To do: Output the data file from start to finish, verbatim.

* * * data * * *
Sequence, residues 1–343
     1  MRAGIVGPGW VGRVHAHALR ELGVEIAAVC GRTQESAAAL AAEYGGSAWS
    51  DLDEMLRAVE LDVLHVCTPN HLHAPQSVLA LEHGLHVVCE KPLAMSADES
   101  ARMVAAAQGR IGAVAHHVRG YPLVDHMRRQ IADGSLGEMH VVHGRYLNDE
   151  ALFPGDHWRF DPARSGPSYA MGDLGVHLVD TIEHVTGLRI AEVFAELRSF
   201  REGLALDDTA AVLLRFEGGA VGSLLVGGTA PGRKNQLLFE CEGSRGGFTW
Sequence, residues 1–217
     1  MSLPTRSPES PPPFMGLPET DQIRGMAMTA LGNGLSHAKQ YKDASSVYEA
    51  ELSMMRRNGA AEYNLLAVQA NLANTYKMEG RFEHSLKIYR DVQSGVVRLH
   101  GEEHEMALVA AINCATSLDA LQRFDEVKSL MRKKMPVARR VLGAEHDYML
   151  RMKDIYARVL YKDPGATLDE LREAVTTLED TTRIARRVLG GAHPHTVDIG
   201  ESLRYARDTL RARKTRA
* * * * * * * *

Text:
Sequence, residues 1–343
     1  MRAGIVGPGW VGRVHAHALR ELGVEIAAVC GRTQESAAAL AAEYGGSAWS
    51  DLDEMLRAVE LDVLHVCTPN HLHAPQSVLA LEHGLHVVCE KPLAMSADES
   101  ARMVAAAQGR IGAVAHHVRG YPLVDHMRRQ IADGSLGEMH VVHGRYLNDE
   151  ALFPGDHWRF DPARSGPSYA MGDLGVHLVD TIEHVTGLRI AEVFAELRSF
   201  REGLALDDTA AVLLRFEGGA VGSLLVGGTA PGRKNQLLFE CEGSRGGFTW
Sequence, residues 1–217
     1  MSLPTRSPES PPPFMGLPET DQIRGMAMTA LGNGLSHAKQ YKDASSVYEA
    51  ELSMMRRNGA AEYNLLAVQA NLANTYKMEG RFEHSLKIYR DVQSGVVRLH
   101  GEEHEMALVA AINCATSLDA LQRFDEVKSL MRKKMPVARR VLGAEHDYML
   151  RMKDIYARVL YKDPGATLDE LREAVTTLED TTRIARRVLG GAHPHTVDIG
   201  ESLRYARDTL RARKTRA